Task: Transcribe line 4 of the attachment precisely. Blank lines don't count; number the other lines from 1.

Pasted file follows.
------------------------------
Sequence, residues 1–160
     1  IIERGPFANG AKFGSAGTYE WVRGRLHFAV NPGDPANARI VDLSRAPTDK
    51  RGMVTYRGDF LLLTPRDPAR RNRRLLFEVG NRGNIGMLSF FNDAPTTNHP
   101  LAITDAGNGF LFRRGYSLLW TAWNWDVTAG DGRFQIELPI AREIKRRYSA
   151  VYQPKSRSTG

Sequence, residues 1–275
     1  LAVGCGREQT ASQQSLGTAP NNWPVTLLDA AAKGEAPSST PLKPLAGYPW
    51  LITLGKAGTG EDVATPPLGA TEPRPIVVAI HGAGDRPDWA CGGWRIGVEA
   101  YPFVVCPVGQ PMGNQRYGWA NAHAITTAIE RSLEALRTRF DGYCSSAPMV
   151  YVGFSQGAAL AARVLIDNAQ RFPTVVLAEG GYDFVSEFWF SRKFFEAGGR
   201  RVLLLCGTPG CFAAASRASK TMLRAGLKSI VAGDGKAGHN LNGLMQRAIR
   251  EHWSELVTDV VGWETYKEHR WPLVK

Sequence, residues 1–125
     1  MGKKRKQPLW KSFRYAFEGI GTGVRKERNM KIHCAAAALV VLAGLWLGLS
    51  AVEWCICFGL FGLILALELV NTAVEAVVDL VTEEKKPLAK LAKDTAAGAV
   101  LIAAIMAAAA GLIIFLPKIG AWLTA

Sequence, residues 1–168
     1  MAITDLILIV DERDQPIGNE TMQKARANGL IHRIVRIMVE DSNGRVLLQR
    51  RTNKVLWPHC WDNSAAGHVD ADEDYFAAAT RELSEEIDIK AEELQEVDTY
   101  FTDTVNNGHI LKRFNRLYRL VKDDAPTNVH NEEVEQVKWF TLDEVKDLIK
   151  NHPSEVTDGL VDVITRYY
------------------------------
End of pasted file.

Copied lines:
   101  LAITDAGNGF LFRRGYSLLW TAWNWDVTAG DGRFQIELPI AREIKRRYSA